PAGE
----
Dee Snider On Deadly Great White Concert Fire: “It Was Foolish To Set Off Pyro In A Small Club”

Dee Snider On Deadly Great White Concert Fire: "It Was Foolish To Set Off Pyro In A Small Club"

Twisted Sister star Dee Snider recalled the deadly Great White concert fire while mentioning his involvement in America’s Deadliest Concert: The Guest List, an upcoming documentary that reveals the unfortunate Great White concert fire that killed a hundred people.

Dee Snider achieved international fame as the lead singer and frontman of the 1972-formed heavy metal band Twisted Sister. Debuted in 1982 with the band’s debut studio album Under The Blade album, Snider had joined the band in 1976. He had released 6 studio albums throughout his tenure with Twisted Sister, which means he performed in the entire studio albums of the band.

Over the years, Dee Snider has been actively using his social media accounts. Logically discussing the issues on the agenda with his fans via his social media, Snider recently opened up about his honest feelings about the deadly Great White fire. It was one of the darkest concerts in rock history, no doubt.

As some of those rock fans might know, the Great White concert fire happened on February 20, 2003. The fire was caused by pyrotechnics set off by the former singer of the headlining band Great White, Jack Russell. In the unfortunate incident, 100 people had passed away while more than 200 people were injured.

However, during a recent interview with Bayou 95.7 radio station, Dee Snider discussed the Great White fire. When Snider started his words, he admitted that it has been hard to talk and listen to the incident. He also claimed that Great White was vilified after the incident.


“It’s hard to remember and listen to, but a hundred people burned to death, over two hundred were injured, and 65 kids lost one or both parents in a fire in a nightclub,” Snider says. “Great White was playing.

“And yeah, Great White, they were vilified. Their pyro ignited the building, and wrong or right, they’ve been shouldering the blame for a long time.”

Dee Snider Says ‘It Was Foolish To Set Off Pyro In A Small Club’

Later then, Dee Snider revealed one of the things he like about the Great White documentary he was involved in. Saying that it is great to people allow Jack Russell to speak, Snider added that Russell is a broken man these days. Snider also admitted that it was foolish to set off pyro in a small club, even though he added that it was not malicious.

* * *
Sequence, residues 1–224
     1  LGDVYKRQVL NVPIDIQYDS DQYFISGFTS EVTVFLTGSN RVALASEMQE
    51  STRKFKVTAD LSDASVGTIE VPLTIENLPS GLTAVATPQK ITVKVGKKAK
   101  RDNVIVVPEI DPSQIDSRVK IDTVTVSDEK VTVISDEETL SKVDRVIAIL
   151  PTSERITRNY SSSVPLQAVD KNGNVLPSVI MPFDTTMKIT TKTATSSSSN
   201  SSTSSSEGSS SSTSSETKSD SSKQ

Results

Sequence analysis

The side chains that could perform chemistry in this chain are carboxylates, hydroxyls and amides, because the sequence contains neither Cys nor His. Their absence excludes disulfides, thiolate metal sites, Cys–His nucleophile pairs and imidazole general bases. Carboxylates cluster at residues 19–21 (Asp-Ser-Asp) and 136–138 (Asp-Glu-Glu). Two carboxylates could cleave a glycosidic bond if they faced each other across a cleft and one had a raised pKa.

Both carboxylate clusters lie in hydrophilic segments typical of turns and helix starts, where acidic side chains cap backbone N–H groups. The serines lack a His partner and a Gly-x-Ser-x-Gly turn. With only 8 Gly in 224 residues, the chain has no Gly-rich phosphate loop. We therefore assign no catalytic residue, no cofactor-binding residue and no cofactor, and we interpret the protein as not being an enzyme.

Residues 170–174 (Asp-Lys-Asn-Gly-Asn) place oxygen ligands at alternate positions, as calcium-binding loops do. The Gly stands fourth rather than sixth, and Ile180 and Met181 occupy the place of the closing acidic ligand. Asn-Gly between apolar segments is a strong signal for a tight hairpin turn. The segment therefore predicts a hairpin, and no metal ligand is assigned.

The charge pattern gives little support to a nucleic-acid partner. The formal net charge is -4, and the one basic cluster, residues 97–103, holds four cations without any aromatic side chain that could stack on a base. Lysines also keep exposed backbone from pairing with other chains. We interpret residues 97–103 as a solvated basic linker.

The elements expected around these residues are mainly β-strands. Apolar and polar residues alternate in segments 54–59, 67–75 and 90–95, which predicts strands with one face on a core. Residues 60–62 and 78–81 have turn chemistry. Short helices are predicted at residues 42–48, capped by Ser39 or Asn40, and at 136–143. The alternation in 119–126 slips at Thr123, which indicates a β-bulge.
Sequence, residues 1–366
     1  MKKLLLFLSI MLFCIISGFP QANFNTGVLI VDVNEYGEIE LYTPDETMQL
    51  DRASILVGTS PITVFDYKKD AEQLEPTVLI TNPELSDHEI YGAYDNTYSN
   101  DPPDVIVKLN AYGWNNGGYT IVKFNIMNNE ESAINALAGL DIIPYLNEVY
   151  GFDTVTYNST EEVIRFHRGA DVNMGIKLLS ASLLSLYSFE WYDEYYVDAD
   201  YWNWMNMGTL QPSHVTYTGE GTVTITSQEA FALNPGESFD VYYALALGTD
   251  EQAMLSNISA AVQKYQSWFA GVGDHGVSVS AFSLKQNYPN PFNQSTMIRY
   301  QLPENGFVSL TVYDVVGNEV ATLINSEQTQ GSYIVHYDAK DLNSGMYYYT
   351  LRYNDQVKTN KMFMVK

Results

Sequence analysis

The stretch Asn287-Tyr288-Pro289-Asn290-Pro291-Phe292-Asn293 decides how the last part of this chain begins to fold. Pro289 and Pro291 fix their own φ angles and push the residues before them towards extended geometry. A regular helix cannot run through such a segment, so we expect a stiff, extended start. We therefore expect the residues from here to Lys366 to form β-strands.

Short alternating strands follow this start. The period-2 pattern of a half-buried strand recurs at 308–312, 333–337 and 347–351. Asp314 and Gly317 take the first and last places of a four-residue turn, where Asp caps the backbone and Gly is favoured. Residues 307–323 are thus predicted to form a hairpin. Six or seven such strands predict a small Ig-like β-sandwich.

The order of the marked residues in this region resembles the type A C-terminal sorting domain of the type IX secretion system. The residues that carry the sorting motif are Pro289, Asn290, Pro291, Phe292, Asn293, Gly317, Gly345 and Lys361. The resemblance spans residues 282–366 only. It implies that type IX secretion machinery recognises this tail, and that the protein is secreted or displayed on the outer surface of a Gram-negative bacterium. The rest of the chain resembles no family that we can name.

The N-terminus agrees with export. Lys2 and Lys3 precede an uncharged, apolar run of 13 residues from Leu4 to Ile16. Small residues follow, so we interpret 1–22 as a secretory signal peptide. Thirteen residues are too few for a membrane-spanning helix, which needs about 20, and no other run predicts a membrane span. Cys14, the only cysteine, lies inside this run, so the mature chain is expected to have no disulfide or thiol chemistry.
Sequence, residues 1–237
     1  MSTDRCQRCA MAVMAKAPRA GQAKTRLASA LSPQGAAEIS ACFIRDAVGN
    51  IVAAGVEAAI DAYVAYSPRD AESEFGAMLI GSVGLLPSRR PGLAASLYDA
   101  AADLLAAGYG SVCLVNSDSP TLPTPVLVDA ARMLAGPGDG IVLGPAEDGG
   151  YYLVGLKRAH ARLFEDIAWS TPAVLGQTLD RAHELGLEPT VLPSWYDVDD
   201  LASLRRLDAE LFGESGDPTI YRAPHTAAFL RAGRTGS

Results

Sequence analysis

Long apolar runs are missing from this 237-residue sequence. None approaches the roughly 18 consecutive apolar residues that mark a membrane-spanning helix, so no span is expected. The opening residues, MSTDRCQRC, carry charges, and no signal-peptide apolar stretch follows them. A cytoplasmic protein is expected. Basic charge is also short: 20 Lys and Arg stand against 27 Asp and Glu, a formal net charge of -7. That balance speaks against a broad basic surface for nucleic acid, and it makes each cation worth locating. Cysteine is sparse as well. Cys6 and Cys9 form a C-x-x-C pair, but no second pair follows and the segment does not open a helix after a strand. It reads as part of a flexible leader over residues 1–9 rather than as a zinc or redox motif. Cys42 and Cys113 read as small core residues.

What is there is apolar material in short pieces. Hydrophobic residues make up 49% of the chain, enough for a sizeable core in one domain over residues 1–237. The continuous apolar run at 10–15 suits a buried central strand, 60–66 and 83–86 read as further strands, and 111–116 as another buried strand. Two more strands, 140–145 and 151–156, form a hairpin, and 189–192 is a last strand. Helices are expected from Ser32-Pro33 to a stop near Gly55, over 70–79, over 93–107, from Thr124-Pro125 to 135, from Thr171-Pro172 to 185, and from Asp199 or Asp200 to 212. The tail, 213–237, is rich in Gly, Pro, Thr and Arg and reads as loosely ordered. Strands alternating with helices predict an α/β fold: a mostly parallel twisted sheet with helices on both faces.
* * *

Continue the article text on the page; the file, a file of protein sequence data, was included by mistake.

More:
“One of the things I like about this documentary, it’s very well rounded and it actually allows Jack Russell [former Great White singer] to speak,” he defends. “I remember Jack from back when, and we toured together back in the heyday, and now he’s a broken man. And people may say and rightfully so.

“But let me just say, was it stupid, was it foolish to set off pyro in a small club? Yes. Was it malicious? Not on your life. They would never, ever intentionally hurt any of their fans.”

Elsewhere in the interview, Snider stated that the deadly event struck a chord in so many ways with him. Explaining the reason, Snider added that it was devastating to think that those people were probably the same people who went to see him while he was playing at The Station nightclub.

“I had, post-Twisted Sister, gone from arenas to the bars, just like Great White had, and I played The Station nightclub,” he continues. “The DJ, who was called Doctor Metal, he was this kid, and what he did with my show is what he did with Great White — he introduced me and then jumped off the front of the stage into the front of the audience and rocked out, because he was that local guy, that fan.

“And he perished in the fire. There were so many people. To think that those same people who came to see me were probably at that Great White show as well. So it just struck so many chords.”

Back in August 2021, Dee Snider had answered if he missed his bandmates in Twisted Sister. Confirming that he missed his friends, Snider had made fans happy by revealing that Twisted Sister will never reunite again.


“I miss Twisted Sister, my friends, my brothers – Mark, Jay Jay, Eddie – I miss them,” Snider said.

“But we talk all the time. We’re good friends, and we always talk to each other. It was Mark Mendoza’s birthday two days ago, and we all were on his podcast and we all joined to wish him a happy birthday.

“And I miss Twisted Sister in its prime. I miss it when we were younger and insane.

“I think that we stayed long enough and it was time for the band to retire in 2016. So I don’t see going back to that because I don’t think it was really true to what Twisted Sister was by the end; we’d stopped wearing the makeup, stopped wearing the costumes.

“It was a crazy show in the ’80s – it was crazy. In the 2000s, people started to get slower, and it wasn’t as crazy. People loved it, but I think it’s good that we stopped.”

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